guess she was closer to me than most of the people in my life.
I tried hard to keep a distance between me and my co-workers.
Working at a television station was a competitive situation at
best. Everyone fought for their spot, and no one, including me,
ever felt safe.
I’d started at KDSM as an intern while still in college. I was
excited to be ofcially hired right after graduation. Including
my internship, I’d spent almost three years at the station. Maybe
it wasn’t one of the largest stations in St. Louis, but they had a
good reputation, and several successful anchors at the big sta-
tions had been hired from here.
Megan Parsons, a production assistant, had been friendly
from my very ﬁrst day. We had a lot in common. We were both
twenty-three, and we both came from broken homes. Like me,
Megan was raised in church, although I’d stopped going when I
was a teenager. Our biggest diferences were in our appearance.
Megan’s dark skin, eyes, and hair were an antithesis to my pale
complexion and light-blond hair.
Realizing I’d allowed my mind to wander, I pushed worries
about my job away and pulled out the picture that had sent
shock waves through me. I stared at the face of the young boy
caught by the camera as he rode past in a buggy. It was clear
from his shocked expression that he wasn’t expecting to have
his picture taken. I could feel my heart beat faster, and I found
it difcult to catch my breath. The features were so familiar.
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Could it be Ryan? Was I just seeing what I wanted to see? Ryan
was seven when he was taken. There was something about the
eyes—and the hair. The boy wore a black, wide-brimmed hat
pushed back on his head. His widow’s peak was clearly visible.
Just like Ryan’s.
“Ready for our meeting?”
Ed Grant, KDSM’s news director, strode into the room, and
I quickly pushed the picture underneath my notebook.
“Yes, sir. I’ve done quite a bit of research, and I think this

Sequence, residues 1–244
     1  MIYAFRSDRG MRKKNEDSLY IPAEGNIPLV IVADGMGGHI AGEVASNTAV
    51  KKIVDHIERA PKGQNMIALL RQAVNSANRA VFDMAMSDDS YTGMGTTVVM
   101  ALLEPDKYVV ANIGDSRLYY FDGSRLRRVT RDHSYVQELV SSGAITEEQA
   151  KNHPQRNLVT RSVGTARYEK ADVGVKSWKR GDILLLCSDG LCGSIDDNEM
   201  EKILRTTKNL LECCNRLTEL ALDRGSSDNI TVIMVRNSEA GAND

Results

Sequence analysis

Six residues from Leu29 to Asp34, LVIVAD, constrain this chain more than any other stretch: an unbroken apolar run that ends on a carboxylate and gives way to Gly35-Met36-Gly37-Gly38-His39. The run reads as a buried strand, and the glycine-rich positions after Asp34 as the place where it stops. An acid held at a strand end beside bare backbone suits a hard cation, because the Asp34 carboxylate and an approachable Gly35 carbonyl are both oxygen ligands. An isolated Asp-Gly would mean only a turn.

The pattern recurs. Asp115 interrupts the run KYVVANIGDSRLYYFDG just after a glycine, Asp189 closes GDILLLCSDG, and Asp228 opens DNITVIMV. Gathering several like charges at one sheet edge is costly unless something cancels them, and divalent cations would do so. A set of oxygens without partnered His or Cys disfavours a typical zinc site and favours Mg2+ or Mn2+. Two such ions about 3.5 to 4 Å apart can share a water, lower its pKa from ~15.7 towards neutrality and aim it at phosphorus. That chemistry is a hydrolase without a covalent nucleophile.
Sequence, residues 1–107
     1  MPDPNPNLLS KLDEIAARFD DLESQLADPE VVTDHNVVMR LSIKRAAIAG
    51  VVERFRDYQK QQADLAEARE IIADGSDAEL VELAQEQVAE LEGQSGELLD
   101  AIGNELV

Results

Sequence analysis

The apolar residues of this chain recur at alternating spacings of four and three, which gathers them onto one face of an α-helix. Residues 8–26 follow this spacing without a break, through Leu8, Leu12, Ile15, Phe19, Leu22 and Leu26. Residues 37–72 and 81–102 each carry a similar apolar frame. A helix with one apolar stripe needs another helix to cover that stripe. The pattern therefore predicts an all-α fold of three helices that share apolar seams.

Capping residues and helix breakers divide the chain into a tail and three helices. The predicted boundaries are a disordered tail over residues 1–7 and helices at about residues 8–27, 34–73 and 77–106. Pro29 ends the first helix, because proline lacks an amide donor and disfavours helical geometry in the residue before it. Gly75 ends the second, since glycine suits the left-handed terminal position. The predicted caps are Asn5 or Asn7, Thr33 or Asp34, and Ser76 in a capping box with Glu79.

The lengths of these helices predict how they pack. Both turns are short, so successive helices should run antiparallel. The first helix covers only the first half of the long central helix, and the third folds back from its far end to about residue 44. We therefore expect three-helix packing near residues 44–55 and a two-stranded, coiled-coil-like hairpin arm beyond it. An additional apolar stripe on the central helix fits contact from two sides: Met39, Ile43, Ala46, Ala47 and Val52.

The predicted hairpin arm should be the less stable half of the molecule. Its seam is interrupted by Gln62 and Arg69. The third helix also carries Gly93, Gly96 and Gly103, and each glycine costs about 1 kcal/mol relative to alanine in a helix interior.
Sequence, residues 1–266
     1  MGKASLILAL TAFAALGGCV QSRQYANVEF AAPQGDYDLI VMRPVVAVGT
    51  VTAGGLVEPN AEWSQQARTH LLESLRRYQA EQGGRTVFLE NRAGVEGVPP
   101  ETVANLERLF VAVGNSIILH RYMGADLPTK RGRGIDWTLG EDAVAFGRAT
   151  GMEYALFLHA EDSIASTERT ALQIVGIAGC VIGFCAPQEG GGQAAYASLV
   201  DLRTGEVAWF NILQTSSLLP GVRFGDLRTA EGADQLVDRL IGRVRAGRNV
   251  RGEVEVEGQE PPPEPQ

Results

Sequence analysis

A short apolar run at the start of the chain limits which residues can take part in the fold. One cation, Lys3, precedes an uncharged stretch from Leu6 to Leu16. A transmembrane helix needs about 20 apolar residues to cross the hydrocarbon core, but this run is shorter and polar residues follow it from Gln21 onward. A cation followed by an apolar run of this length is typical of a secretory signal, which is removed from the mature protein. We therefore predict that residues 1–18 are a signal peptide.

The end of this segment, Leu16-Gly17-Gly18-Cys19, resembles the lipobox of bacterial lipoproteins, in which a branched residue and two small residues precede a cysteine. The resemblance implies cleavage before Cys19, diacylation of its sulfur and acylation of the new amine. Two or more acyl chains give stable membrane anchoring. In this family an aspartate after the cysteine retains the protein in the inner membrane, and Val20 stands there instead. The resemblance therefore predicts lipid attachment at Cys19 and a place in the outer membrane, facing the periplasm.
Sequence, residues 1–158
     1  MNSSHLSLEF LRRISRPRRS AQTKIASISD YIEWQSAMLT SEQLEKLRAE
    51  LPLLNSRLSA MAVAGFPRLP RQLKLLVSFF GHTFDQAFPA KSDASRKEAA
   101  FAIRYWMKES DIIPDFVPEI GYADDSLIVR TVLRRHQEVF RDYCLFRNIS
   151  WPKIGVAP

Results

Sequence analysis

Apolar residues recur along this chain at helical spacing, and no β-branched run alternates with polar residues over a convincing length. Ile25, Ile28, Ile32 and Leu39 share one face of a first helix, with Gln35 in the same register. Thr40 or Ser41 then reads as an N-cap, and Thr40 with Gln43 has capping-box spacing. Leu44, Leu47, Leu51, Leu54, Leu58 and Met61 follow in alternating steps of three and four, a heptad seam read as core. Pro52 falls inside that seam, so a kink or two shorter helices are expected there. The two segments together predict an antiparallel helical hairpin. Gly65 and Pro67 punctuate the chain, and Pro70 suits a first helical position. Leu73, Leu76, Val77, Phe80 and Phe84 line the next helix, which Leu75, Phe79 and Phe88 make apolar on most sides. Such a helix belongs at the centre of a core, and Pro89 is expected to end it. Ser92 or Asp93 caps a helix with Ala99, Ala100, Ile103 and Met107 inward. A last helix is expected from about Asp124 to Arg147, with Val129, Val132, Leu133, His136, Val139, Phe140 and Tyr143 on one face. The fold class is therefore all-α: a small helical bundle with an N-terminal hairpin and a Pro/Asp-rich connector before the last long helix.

would make a compelling piece.”
He sighed as he lowered his massive body into the chair across
from mine. The chair squeaked under the pressure, and as he
scooted into place, sounds emanated from underneath him that
I prayed came from sliding across the leather seat.
“I’m not convinced this is newsworthy, but Leon says we need
more stories with local interest. Our new owners are pushing
for it. I guess this idea is as good as any other.” He sighed again,
obviously not happy dealing with a new corporate entity. Ed’s
job at KDSM was tentative, as was our general manager’s. Leon
Shook was a great GM, and no one wanted to see him leave.
But in a previous shake-up, the news director and the general
manager had been the ﬁrst to go. What we could get in their
places worried everyone.
“I believe this piece could be popular if we get it right,” I
said. “I have quite a few suggestions. Some are obvious, like
Deﬁance and its Wine Country Gardens, and Fulton, which has
a piece of the Berlin Wall. Then there are all the ghost towns
left behind when the mining companies moved out. You know,
like Morse Mill. Also, Columbia is interesting because it’s home
to a lot of ex-Amish. There was a special on TV a while back
that mentioned . . .”
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Ed held his hand up. “That story’s been done and overdone.